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Changes will make it harder to make a claim

ASBESTOS widow Jane Maitland has criticised the changes ministers want to bring in for civil compensation cases.

Mrs Maitland's husband William died aged 63 after a painful, year-long battle against mesothelioma, a cancer caused by breathing in deadly asbestos dust.

He had worked as a joiner on a number of Clyde shipyards for 30 years from the 1950s to 1980s.

Mrs Maitland, 74, of Gourock, Inverclyde, said her husband should be alive today enjoying his retirement.

She said: "What these changes would do is diminish the importance of asbestos cases."

Mrs Maitland, a retired nursing lecturer who has a grown up daughter, won a three-year legal battle which she began following her husband's death in November 1998.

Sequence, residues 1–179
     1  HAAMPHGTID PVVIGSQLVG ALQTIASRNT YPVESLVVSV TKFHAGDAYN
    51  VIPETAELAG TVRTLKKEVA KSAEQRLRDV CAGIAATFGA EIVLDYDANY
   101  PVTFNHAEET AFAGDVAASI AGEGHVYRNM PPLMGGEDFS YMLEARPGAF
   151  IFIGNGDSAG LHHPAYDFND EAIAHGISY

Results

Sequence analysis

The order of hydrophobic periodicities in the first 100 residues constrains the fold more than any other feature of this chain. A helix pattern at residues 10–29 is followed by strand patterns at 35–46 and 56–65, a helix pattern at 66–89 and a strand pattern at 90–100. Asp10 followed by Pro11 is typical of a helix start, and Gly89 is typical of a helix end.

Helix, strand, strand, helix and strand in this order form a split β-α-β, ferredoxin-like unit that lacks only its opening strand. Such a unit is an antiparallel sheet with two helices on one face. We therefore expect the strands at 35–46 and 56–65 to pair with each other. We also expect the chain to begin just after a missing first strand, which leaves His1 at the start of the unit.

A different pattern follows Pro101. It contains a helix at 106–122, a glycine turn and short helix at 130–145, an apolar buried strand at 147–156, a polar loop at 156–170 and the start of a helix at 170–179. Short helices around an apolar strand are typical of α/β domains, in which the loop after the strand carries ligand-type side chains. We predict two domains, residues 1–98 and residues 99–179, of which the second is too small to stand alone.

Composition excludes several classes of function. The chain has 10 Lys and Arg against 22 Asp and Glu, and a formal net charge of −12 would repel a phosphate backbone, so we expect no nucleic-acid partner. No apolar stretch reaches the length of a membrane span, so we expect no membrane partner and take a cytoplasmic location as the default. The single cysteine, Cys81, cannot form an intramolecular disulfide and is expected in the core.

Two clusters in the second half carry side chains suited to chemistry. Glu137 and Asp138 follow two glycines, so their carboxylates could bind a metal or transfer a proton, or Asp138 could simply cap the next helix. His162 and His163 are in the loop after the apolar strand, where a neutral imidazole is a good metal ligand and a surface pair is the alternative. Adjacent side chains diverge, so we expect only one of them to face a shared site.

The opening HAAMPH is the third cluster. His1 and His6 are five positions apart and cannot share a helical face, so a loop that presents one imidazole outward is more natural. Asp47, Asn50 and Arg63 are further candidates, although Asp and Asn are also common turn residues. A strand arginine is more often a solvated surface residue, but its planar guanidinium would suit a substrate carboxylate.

The reason she was able to take her claim was that she was entitled to be represented by an advocate - whose fee was paid by the other party when she settled out of court.

She said: "It was a stressful experience but it was made easier by knowing I had the very best lawyer and that I would not have to pay his fee whatever the outcome.

"If these reforms go through people may end up not only with poorer legal representation, they may also end up having to pay for a lawyer out of any damages.

"I took the case because I wanted justice for what had happened to my husband. I felt that if you do wrong in life you should have to pay."

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